After all, this life of faith is never complete this side of our death and resurrection into the final Kingdom of God. We are ever on the journey, ever desiring, and ever longing for more knowledge of God. Looking back to the day that I “declared a desire to know God” about 44 years ago, reminds me of how much more I know about God and how much more curiosity I still have about this Lord I desire to know and serve better. So, for now, I endorse the virtue of “declaring a desire to know God” and seek to press on with the journey with whatever terminology seems most helpful for today, tomorrow, and the tomorrows after that. May God richly bless you in your journey of faith and your knowledge of God.


[1]The full context of the remark can be found at the following link: https://stepbystepjourney.com/?p=5044, where Richard Dahlstrom says, “But on that day, I drive up and stand in the very spot where I declared a desire to know God 39 years earlier, and I’ll marvel at God’s relentless pursuit of me, God’s abundance poured out, and I’ll offer tears of gratitude.  “Look what God has done” I’ll say, as once again, the scent of hope fills me.” (I encourage my readers to read the entire blog which has many more insights to offer.) Richard Dahlstrom Step by Step Journey, “Longing for the Scent of Hope,” August 10, 2019.

Monday, August 12, 2019

Something Rather Than Nothing



Perhaps one of the biggest philosophical questions ever asked is “Why is there something rather than nothing?” When we look at the earth, the moon, the stars, our galaxy, the universe, gravity, light, and energy, we are struck with the immensity and complexity of this place in which we find ourselves. It is natural to ask questions about this universe and to ask how it is that this place actually functions and stays in motion. Science has done a good job of exploring and explaining much about our world. But we might also ask how it is that the universe exists at all. Philosophers have worked on a satisfying answer to this question for decades and still the question persists. We know that Gottfried Wilhelm Leibniz spent much time thinking about this question and had what I would still consider the most satisfying answer to the question.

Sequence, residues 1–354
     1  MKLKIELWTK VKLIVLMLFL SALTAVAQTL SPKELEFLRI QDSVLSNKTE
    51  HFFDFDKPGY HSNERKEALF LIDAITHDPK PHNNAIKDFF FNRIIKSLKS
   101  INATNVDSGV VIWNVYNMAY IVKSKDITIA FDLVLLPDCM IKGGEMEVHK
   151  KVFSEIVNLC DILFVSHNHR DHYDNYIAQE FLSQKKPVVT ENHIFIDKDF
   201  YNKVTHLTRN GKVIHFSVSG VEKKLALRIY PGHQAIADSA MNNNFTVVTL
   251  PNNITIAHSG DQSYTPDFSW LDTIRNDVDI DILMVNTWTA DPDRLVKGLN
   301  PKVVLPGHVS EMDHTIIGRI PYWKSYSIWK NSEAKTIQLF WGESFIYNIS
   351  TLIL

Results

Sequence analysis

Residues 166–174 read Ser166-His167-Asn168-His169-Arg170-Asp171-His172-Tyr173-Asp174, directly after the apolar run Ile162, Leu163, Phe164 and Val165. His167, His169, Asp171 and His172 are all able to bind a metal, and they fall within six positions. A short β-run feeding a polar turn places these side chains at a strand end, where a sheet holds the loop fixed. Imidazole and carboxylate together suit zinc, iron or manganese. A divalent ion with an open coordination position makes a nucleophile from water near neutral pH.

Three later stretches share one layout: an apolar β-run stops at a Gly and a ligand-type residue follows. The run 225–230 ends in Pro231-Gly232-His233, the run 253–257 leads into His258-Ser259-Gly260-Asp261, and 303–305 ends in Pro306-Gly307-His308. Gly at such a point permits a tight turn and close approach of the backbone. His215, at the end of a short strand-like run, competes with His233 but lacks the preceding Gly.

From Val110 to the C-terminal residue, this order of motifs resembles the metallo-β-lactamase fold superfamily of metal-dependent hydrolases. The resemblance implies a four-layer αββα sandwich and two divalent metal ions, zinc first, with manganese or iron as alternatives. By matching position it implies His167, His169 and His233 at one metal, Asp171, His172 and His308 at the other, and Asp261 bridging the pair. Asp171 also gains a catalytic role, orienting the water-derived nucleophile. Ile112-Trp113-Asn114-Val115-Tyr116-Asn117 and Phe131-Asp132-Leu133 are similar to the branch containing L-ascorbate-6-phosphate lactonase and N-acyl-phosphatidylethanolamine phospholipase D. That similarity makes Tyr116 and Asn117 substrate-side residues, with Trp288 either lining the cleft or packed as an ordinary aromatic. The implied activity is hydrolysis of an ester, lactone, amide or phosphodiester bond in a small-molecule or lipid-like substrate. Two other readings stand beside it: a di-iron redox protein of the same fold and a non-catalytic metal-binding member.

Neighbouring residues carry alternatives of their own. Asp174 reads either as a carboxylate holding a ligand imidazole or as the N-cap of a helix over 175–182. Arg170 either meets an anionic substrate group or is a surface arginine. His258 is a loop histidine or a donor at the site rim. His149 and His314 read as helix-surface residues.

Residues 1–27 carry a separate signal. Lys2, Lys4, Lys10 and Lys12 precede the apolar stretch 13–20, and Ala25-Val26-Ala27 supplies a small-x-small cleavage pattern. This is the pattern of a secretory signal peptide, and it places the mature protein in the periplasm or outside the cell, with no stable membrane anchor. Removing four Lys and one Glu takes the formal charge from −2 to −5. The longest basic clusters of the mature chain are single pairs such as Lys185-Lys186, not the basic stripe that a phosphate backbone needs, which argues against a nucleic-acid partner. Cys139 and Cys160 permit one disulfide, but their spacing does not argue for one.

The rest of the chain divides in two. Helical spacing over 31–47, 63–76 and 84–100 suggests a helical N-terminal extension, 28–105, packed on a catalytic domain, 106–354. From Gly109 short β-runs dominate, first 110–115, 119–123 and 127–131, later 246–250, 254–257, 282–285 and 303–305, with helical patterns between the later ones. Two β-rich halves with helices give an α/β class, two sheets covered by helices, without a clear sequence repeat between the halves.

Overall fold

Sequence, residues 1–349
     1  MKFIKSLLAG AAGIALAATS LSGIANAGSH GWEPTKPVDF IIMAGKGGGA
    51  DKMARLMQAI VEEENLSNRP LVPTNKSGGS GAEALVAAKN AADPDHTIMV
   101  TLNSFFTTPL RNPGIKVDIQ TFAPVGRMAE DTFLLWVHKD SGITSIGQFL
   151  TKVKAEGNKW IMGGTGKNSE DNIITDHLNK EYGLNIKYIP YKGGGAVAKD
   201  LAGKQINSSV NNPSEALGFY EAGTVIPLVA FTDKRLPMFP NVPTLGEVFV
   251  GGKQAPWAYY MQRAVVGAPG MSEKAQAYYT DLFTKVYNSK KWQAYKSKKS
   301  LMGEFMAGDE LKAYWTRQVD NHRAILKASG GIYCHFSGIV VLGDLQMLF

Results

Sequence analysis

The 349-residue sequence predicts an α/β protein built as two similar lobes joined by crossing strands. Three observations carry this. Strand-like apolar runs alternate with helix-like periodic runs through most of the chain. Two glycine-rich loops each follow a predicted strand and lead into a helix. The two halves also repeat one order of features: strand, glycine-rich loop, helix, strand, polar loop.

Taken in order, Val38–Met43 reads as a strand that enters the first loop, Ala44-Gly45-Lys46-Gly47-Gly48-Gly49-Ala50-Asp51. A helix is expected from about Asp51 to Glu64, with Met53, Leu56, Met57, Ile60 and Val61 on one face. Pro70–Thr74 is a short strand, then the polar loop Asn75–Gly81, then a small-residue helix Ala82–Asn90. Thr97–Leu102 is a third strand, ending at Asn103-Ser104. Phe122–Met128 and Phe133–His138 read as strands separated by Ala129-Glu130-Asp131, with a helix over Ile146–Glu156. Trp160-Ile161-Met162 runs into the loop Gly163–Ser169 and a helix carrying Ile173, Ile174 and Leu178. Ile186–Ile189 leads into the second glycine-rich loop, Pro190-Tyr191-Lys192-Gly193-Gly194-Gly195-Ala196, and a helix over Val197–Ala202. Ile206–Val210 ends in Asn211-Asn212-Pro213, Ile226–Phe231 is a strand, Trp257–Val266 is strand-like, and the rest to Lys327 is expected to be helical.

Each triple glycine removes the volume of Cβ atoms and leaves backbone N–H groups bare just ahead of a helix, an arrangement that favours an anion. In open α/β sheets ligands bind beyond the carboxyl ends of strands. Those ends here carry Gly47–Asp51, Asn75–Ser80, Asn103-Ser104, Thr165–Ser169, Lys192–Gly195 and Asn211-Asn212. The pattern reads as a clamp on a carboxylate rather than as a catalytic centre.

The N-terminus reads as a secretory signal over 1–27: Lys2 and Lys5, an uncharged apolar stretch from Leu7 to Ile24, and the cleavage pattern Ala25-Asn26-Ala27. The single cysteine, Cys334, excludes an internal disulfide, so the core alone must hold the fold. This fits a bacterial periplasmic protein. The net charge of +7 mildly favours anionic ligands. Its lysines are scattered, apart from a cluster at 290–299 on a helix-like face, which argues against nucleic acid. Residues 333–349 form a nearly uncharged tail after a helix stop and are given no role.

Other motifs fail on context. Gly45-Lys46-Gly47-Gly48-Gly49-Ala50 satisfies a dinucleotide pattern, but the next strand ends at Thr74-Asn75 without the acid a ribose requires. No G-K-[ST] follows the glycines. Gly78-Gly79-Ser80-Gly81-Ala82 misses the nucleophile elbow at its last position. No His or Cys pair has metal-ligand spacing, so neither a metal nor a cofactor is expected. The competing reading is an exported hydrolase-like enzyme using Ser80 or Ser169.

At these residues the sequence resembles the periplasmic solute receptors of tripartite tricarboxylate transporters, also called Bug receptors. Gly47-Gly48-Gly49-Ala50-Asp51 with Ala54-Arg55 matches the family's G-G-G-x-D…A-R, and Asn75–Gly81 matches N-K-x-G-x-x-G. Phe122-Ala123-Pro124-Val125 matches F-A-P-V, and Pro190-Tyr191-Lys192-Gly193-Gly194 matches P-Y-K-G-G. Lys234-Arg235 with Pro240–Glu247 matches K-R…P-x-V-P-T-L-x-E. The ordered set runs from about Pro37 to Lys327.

Leibniz who lived from 1646–1716 was one of the great thinkers and philosophers of his time but for many years was sadly overlooked. He was a contemporary of Isaac Newton and both of them discovered calculus independently of each other. Many of the notations and symbols used by Leibniz as he developed calculus are still used today. He was an inventor of mechanical calculators, refined the binary number system which is used in computers, and was a philosopher who specialized in rationalism and logic. He was devoted to his work yet known for his imagination, friendship, and good manners. I will save his answer to the big question until the end of this article but let us first look at a few of the other answers people have come up with.